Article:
Soldiers of the 165th Infantry during the Battle of Makin Island. Fr. Lawrence Lynch transferred to the 165th, informally the Fighting 69th, in the early months of 1945, not long before its involvement in the Battle of Okinawa.

Lynch was Fighting 69th's 'Fr. Cyclone'

It was one of many dangerous situations chaplain Fr. Lawrence Lynch faced in the Pacific Theater during World War II. The transport ship “Elihu Thompson” had been hit by a mine and was sinking. Lt. Col Julius Klein and Lynch approached the sinking ship in a small boat. Lynch then jumped onto the sinking vessel to administer last rights to some of the dying soldiers. One of those soldiers was a Jewish boy named Jacob. Fr Lynch came to Jacob’s side, took both his hands in his own, holding them firmly,  and the Jewish boy smiled as Lynch’s firm, vibrant, reverent voice intoned: "Yisgadal v'yiskadash sh'may rabbo, Volmo di v'ro chiroasay.” 

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Lt. Col. Klein, descendant of a rabbinical family, listened wide-eyed, oblivious to the tears running down his cheek. Hearing Lynch recite the entire great Hebrew prayer, Klein silently watched the priest close the staring eyes and cover the young face with a blanket. 

Stunned, Klein turned to Lynch and said, You're a Catholic priest and that was Hebrew! I could understand if he'd been a Protestant, but . . .” 

"I'm a chaplain, Colonel Julius," Lynch interrupted. "My first duty is to be prepared and able to administer to the men I serve, regardless of creed, particularly when, as now, I happen to be the only chaplain present.” "That . , . that's not what I mean, said Klein. "You knew the prayer. You knew all of it. Why even many rabbis couldn't . . . couldn't recite it like that . . . from memory."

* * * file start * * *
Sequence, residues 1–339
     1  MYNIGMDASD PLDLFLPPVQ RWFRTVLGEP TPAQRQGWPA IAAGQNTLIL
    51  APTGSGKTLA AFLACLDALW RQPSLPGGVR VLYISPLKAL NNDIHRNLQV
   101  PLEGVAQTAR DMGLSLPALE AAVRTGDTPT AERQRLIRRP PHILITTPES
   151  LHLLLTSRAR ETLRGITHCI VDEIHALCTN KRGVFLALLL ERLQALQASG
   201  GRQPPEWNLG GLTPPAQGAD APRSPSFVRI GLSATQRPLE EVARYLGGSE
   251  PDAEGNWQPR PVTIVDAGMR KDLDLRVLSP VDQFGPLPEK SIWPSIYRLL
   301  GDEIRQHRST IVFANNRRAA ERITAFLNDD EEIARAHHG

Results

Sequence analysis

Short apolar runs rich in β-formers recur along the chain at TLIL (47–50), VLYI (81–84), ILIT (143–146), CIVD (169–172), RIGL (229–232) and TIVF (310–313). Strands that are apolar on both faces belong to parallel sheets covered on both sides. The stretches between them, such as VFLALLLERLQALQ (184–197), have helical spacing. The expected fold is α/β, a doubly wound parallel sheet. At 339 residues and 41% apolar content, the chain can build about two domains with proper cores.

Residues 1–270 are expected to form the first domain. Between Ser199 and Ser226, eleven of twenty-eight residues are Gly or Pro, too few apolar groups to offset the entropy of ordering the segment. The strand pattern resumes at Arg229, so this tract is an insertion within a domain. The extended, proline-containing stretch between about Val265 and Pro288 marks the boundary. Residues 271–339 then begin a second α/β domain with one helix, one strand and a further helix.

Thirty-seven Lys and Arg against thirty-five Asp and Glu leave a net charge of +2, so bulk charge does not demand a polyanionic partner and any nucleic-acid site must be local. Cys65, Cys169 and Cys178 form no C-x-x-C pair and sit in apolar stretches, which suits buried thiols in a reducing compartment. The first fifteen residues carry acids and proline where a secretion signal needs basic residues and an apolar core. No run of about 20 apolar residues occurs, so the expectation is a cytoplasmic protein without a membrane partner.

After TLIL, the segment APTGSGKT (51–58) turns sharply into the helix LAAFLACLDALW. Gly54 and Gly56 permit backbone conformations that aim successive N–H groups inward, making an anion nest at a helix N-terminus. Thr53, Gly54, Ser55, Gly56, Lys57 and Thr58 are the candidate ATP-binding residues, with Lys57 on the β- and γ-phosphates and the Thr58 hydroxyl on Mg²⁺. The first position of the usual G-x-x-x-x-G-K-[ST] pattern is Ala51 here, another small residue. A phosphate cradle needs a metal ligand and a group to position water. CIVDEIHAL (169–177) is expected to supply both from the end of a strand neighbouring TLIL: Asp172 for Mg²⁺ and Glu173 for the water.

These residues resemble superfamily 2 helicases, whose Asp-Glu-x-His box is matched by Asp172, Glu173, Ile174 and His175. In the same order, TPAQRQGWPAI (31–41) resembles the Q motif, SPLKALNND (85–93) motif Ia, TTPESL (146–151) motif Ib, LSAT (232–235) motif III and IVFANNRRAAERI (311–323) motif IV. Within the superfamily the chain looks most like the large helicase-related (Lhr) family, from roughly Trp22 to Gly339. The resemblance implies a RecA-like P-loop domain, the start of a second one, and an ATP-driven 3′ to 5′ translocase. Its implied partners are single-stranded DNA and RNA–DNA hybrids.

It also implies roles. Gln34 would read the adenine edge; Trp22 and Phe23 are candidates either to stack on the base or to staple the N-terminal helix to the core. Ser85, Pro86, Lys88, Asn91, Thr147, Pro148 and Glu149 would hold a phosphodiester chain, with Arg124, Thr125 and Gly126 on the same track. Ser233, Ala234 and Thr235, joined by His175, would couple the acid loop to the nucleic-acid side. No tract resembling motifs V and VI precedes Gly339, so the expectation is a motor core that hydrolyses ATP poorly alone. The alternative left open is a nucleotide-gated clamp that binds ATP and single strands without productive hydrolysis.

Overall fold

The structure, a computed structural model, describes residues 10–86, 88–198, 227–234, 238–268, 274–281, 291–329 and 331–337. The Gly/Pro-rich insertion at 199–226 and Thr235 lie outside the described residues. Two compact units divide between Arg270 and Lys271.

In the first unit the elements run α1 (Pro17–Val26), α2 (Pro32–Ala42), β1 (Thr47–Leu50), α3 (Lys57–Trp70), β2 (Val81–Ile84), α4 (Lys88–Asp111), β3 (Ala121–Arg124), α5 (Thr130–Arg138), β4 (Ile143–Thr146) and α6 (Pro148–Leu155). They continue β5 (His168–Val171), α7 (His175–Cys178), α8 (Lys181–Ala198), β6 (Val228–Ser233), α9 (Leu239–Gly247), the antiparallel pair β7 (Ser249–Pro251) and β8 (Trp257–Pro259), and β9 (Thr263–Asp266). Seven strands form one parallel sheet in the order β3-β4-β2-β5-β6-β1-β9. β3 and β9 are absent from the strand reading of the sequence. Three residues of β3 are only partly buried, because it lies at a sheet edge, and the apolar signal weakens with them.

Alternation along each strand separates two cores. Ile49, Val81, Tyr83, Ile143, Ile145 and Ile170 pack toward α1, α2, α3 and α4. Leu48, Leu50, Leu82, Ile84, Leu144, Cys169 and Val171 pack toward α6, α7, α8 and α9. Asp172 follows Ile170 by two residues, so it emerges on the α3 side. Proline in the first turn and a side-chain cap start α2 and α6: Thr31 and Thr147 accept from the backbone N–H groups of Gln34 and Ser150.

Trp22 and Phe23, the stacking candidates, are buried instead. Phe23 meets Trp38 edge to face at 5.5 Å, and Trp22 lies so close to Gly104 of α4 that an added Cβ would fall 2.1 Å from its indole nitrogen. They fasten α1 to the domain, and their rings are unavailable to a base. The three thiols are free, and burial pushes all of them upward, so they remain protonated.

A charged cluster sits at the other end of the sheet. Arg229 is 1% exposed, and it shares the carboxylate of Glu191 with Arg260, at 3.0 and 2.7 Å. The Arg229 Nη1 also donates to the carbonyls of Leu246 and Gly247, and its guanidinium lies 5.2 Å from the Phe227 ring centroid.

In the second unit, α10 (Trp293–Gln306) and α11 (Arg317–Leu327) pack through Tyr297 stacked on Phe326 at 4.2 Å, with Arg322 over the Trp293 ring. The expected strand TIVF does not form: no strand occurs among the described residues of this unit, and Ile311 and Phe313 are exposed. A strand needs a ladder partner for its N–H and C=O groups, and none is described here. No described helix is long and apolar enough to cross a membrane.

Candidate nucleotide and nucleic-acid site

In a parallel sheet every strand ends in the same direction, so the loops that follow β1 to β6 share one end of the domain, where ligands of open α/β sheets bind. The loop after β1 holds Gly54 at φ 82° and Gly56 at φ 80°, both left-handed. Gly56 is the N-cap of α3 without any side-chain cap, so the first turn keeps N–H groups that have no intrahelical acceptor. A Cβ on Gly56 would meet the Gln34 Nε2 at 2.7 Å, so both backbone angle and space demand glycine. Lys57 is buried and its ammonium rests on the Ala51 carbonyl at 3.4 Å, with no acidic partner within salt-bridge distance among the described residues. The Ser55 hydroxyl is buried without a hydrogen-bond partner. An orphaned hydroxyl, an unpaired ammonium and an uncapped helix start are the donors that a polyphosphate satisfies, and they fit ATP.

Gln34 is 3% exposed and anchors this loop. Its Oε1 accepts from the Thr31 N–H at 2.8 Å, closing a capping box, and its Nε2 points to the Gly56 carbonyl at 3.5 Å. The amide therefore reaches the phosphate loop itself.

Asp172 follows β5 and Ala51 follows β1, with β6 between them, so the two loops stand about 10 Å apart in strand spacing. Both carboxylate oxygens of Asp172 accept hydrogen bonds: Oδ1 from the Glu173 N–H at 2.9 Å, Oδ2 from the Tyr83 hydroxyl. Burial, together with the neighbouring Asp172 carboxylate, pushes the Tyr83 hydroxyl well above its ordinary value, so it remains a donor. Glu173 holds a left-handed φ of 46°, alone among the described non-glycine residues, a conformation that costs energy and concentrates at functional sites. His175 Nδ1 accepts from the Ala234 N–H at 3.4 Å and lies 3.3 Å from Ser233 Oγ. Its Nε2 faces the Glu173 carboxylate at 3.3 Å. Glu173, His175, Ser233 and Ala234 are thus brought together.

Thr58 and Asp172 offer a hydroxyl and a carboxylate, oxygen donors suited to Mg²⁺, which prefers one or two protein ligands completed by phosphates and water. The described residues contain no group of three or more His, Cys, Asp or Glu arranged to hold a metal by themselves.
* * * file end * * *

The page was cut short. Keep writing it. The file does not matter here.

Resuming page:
Lynch replied, "As a missionary, I was taught many things among them the Hebrew ritual. Now, excuse me, please. There are others waiting." He tried to turn, but Klein stopped him, a hand on his arm. "God bless you, Rabbi Lynch," he said. "You've done a good job this day. That boy . . . his mother will bless you." 

 That moment cemented a close friendship between Klein and Lynch. Klein, who would later write a book about the chaplain, said of Lynch, “It never mattered to him whether a soul was white or black, Jew or Christian, or unbeliever. To him, each human being was simply a child of God.”
  The incident on the sinking ship was only an extraordinary moment in the life of an extraordinary priest. Lynch first saw the light of day in 1906 and grew up a tough Irish-American kid in the vicinity of Woodhaven, a section called City Line on the Brooklyn/Queens border. He was the eldest of 12 children raised by a mother from County Cavan.  Lynch,  whose father was a New York City firefighter, navigated the area’s tough streets, while also serving as an altar boy at Saint Sylvester’s. He decided to enter the Redemptorist order in 1932 and before the attack on Pearl Harbor, Lynch enlisted in the army as a chaplain.